Ford Mustang GT (2001)
SEE ALSO: Ford Buyer's Guide
By Tom Hagin
SPECIFICATIONS Manufacturer's Suggested Retail Price $ 23,590 Price As Tested $ 24,165 Engine Type SOHC 16-valve 4.6 Liter V8 w/SMFI* Engine Size 281 cid/4601 cc Horsepower 260 @ 5250 RPM Torque (lb-ft) 302 @ 4000 RPM Wheelbase/Width/Length 101.3"/73.1"/183.2" Transmission Five-speed manual Curb Weight 3417 pounds Fuel Capacity 15.7 gallons Tires (F/R) 225/55R16 all-season Brakes (F/R) Disc (ABS)/disc (ABS) Drive Train Front-engine/rear-wheel-drive Vehicle Type Four-passenger/two-door Domestic Content N/A Coefficient of Drag (Cd.) N/A PERFORMANCE EPA Economy, miles per gallon city/highway/average 18/25/21 0-60 MPH 6.0 seconds 1/4 (E.T.) 14.5 seconds @ 99.0 mph Top-speed 140 mph * Sequential multi-port fuel injection
With the rapid disappearance of traditional American performance sedans, the 2001 Ford Mustang GT may soon end up being the last rear-drive, two-door American Pony Car.
It's not much different for 2001, since the whole look and feel was changed for 1999. It's still offered as the V6-powered standard Mustang, the hot-rod 320-horse Cobra, and our tester this week, the affordable Mustang GT, all in either hardtop or convertible form.
OUTSIDE - The restyle brought a new front fascia with wraparound headlights, a wider grille and sharper definition of the fender flares. And while its shape may be familiar, the styling is very fresh and more athletic-looking that ever. Its styling elements are reminiscent of the previous model, but now its curves and shapes are broken up by sharp creases and chiseled lines. This gives it a wider, more planted stance. The vertical three-element taillights are slanted at the top in pyramid fashion. Ford added a small throwback theme in a chrome "corral" encircling the galloping horse in its wedge-shape grille. Five-spoke alloy wheels are standard on Mustang GT.
INSIDE - The cabin has remained virtually the same. The most noticeable aspect of the interior is the tall dashboard that sweeps in a horseshoe shape on each side down into the wide center console. This tall cowl creates some problems for shorter drivers, but fortunately there is enough adjustment in the front seat to make for a comfortable position for most drivers. The cloth upholstery grips the seat of the pants quite well, though optional leather makes the inside look richer. There's also enough side and thigh bolstering to keep driver and passenger in place during spirited motoring. Pony Cars were never meant to hold many people, so those residing in back can expect to be cramped. Standard Mustang GT features include sport seats, power windows, door locks, mirrors and trunk release, air conditioning, split-folding rear seat, remote keyless entry, an uplevel stereo and a leather-wrapped steering wheel.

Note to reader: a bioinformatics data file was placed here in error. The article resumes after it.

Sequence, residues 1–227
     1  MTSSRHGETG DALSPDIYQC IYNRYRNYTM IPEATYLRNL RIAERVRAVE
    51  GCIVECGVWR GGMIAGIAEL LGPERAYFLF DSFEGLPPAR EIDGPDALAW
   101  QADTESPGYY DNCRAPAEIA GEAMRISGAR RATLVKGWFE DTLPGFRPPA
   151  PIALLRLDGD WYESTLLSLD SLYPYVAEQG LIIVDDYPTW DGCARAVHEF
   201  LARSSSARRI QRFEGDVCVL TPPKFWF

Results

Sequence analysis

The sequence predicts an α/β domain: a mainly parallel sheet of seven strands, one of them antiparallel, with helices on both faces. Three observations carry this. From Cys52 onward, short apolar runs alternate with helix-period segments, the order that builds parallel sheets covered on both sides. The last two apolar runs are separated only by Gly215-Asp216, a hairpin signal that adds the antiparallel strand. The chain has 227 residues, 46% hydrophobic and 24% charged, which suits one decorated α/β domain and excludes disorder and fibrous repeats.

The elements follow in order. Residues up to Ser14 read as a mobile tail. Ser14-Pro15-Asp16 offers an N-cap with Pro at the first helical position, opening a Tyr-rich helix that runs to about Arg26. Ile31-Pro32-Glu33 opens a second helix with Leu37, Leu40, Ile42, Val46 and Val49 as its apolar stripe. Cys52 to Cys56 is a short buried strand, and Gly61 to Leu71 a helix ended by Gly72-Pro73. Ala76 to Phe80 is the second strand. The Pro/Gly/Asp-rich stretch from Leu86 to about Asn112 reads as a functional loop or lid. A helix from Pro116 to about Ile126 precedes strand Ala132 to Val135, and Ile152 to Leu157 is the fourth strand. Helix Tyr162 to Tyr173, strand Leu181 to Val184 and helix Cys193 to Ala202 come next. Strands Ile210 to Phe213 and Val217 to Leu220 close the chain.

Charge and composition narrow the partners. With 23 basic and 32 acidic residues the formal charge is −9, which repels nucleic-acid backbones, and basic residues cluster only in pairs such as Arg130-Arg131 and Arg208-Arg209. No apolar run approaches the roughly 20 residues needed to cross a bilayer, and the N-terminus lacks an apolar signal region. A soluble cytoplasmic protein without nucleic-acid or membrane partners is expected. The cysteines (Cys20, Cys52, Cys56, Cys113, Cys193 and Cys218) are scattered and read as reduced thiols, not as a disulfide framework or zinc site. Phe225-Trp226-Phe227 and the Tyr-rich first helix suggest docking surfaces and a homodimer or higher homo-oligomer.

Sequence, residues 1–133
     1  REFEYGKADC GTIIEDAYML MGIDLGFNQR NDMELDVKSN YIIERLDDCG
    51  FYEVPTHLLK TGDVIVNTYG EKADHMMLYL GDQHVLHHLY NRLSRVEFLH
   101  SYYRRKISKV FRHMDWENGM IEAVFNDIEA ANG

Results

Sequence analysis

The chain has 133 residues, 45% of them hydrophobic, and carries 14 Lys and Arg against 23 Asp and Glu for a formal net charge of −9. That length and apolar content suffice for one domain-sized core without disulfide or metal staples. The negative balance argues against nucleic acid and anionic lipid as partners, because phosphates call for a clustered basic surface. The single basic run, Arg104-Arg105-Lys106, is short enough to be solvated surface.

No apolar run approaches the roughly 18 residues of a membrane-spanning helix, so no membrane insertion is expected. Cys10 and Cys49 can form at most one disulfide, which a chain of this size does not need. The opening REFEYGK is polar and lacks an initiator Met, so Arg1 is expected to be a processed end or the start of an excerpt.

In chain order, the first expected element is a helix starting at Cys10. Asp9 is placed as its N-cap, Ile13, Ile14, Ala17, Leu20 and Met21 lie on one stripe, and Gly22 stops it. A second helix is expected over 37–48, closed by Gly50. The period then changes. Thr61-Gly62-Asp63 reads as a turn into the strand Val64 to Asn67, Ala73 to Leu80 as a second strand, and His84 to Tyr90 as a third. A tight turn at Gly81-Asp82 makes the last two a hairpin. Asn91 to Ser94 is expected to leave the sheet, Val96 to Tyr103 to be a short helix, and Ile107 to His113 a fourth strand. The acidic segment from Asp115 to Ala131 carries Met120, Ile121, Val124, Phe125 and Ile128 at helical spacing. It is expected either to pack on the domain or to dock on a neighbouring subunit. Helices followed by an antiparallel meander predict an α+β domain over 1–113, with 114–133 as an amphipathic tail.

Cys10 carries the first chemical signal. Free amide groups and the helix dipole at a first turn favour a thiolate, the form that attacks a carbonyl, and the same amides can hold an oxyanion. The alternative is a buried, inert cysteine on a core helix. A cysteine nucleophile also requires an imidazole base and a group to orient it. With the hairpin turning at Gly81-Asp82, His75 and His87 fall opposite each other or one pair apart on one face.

ON THE ROAD - For years, Mustang GTs were powered by the decades- old, "pushrod" 5.0-liter V8 engine, with fuel injection added in 1986. When the latest body style (or close to it) came out in 1993, a version of that same V8 was used for one year. Thereafter, a more modern, single-overhead-cam, 4.6-liter V8 became standard fare. It wasn't any more powerful than the previous engine, (215 horsepower) but it was smoother and, most importantly, a precursor of things to come. By 1999, Ford had time to massage the 4.6 with coil-on-plug ignition, performance camshafts, a high-flow intake manifold, revised combustion chambers and larger valves to produce 260 horsepower and 302 pound-feet of torque. This brought an enormous change in Mustang GT performance, with 60 mph coming in a blazing six seconds and the quarter-mile being completed at 99 miles per hour.
BEHIND THE WHEEL - Based on an aging chassis that can trace its roots back to the mundane Ford Fairmont and Mercury Zephyr sedans of 1979, the most modern Mustang has fortunately enjoyed a good dose of structural enhancements to give it a solid, firm feel. Its suspension layout is standard Pony Car fare, with MacPherson struts up front and a solid rear axle. When the latest version came out for '99, Ford widened the rear track by 1.4 inches, gave it an additional one-inch of rear suspension travel, and the variable-rate coil springs were replaced by linear-rate units. Also, the anti-roll bars and shocks were retuned to provide a more supple ride without any sacrifice in handling. Modifications to the rack-and-pinion steering system resulted in a more precise feel, sharper turn-in and a decreased turning radius. Four-wheel disc brakes were enhanced by lightweight, two-piston front calipers to reduce unsprung weight on the front end by 10 pounds. An anti-lock braking system (ABS) is standard.
SAFETY - Dual dashboard airbags, ABS and a traction-lock rear axle are standard; traction control is optional.
OPTIONS - There were no options on our test car.